Click on Images to Enlarge


Camden Courier-Post - February 9, 1933

COPS AND FIREMEN WILL ELECT TODAY
Herbert Bott Is Unopposed for Presidency of Camden Association

The Camden Police and Firemen's Association will hold election of officers today at its headquarters, 1175 Whitman Avenue, from 1:00 PM to 9:00 PM.

Herbert Bott is unopposed for re-election as president. William Thorn is unopposed to replace Richard Middleton for financial secretary and Walter Vecander is unopposed for the new post of assistant financial secretary. All these are police officers.

The police trustees will be named from the following nine candidates: William Marter, George Ward, William Britner, Joseph Shreeve, William Schriber, Joseph Mardino, Joseph Dunnett, Leon Feltz and Russell Young. Two police sergeant-at-arms will be chosen from among Stanley Wirtz, Harry Cattell, Joseph Schultz and George Clayton.

Three candidates are seeking the post of vice president, which goes to a fireman. They are William Spencer, Charles Edwards and Albert Dukes. Warren Rich, a fireman, is slated to succeed himself as recording secretary and Winfield Leviseur is unopposed for the new post of assistant recording secretary, which goes to a fireman.

Four fireman trustees will be chosen from ten candidates. They are Charles Cook, Henry Baumgartel, Walter Eastlack, Arthur Batten, William Getner, William Toy, Lawrence Newton, James Young, Russell Anderson and William Taylor. Three firemen are seeking two posts as sergeants-at-arms. They are William Judge, John Mulligan and Furman Price.


Camden Courier-Post - February 10, 1933

BOTT CHOSEN HEAD OF POLICEMEN, FIREMEN
Spencer Wins 3-Corner Fight for Vice-President of Association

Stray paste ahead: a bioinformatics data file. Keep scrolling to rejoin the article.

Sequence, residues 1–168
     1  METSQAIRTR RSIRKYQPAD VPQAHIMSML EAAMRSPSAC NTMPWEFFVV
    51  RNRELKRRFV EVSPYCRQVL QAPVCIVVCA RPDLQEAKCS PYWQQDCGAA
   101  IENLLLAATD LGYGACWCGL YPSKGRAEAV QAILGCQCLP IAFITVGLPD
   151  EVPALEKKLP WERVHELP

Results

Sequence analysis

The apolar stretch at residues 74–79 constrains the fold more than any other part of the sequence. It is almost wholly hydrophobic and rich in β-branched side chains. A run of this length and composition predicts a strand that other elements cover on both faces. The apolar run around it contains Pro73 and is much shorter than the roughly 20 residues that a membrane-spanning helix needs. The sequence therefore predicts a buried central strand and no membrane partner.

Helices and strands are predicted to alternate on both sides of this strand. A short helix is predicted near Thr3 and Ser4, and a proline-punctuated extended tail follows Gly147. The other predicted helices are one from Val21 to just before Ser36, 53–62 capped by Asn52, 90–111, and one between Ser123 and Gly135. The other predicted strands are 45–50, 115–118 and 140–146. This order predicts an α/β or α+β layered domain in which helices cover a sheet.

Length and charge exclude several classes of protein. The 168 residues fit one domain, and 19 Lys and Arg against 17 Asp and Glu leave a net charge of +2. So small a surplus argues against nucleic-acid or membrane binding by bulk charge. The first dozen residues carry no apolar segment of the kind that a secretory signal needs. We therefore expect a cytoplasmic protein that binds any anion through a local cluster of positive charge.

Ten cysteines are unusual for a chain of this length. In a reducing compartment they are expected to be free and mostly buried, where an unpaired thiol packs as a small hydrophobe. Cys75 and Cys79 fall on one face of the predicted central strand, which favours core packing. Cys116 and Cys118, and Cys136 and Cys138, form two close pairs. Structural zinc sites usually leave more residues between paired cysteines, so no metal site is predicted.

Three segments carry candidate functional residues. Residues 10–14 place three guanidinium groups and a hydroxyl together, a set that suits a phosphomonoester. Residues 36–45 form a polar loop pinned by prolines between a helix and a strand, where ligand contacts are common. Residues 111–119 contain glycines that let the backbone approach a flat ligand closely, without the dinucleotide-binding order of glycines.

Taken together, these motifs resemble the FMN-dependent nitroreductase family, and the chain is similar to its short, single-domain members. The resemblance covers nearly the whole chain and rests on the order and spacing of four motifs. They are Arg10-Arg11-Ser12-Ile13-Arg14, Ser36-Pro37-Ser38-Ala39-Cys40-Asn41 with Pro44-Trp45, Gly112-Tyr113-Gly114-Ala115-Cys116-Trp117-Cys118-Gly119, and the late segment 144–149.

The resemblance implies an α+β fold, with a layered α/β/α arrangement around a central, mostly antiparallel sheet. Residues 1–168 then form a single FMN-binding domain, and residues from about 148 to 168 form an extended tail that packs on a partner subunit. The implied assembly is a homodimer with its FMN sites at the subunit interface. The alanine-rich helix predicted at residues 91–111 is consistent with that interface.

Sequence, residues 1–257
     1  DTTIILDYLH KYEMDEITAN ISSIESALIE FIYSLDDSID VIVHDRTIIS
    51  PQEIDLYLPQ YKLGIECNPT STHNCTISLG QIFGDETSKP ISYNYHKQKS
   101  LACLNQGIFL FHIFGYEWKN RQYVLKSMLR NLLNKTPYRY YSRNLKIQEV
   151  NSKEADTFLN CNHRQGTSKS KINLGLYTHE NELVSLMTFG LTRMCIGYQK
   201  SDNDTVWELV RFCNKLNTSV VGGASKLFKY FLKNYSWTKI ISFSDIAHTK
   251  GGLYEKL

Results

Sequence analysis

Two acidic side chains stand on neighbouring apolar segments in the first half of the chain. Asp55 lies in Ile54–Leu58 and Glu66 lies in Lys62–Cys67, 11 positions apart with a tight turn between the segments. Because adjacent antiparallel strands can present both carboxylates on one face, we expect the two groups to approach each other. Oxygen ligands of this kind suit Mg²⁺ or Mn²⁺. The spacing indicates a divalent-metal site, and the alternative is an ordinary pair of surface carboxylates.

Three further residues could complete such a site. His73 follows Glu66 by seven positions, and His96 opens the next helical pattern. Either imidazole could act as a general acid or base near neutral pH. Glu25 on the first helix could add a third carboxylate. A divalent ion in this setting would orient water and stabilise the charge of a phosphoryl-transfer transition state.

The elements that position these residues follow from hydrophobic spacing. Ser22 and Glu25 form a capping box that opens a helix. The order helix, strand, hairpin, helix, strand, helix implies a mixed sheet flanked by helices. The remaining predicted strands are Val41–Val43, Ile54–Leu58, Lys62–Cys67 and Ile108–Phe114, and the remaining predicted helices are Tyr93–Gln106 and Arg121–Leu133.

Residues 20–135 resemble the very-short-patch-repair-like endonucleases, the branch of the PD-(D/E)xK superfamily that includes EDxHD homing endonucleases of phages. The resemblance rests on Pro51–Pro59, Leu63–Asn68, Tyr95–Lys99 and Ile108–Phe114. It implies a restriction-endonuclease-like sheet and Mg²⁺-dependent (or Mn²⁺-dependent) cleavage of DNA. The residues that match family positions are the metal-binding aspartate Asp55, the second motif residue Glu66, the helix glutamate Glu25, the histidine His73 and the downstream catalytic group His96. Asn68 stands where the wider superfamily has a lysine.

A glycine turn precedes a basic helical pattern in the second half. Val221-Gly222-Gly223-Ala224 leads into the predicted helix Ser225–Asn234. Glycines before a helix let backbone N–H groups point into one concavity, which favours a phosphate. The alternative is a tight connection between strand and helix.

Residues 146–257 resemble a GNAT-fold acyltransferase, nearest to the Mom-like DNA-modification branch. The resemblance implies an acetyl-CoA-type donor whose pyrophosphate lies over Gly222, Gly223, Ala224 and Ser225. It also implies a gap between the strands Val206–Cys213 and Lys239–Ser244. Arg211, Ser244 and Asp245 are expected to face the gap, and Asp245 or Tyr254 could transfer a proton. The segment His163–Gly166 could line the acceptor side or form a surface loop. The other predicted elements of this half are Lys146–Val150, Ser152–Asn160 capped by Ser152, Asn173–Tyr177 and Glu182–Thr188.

Lauded by the members for his splendid work in behalf of the club, Herbert Bott, a  patrolman attached to the Third Police District, last night was re-elected president of the Camden Police and Firemen's Association.

The praise was heaped upon the patrolman following announcement that he had received 107 of 110 votes cast in yesterday's balloting. He was unopposed for reelection.

In a three-cornered fight, William I. Spencer, a fireman, was elected vice president of the association. He received 73 votes. His opponents were Charles Edwards, given 12 votes, and Albert Dukes, 18 votes. Both are firemen.

Others unopposed for office were: William Thorn, financial secretary; Walter Vecander, assistant financial secretary; Warren Rich, recording secretary, and Winfield Leviseur, assistant recording secretary. The last two are firemen while the first two are policemen.

Lieutenant George Ward, Patrolman William Marter, and Firemen William Taylor, William Getner, James Young and Lawrence Newton were elected to the board of trustees.

Sergeants-at-arms named were Stanley Wirtz and George Clayton, police, and William Judge and John Mulligan, firemen. All had opposition.

After the ballots had been counted William H. Iszard, former assemblyman, appeared on behalf of the Elks Crippled Kiddies Committee, and asked police to support the wrestling show to be staged by that group February 13..



Funeral for Fire Mascot Jack

Below, November 1935, at grave site immediately following ceremony for "Jack", from left: Fireman John Yates, Captain William Van Pfefferle, Fireman William Hopkins, Fireman Lester Anderson, Acting Captain Edgar Ellender, Deputy Chief William Harring.

Click on Image to Enlarge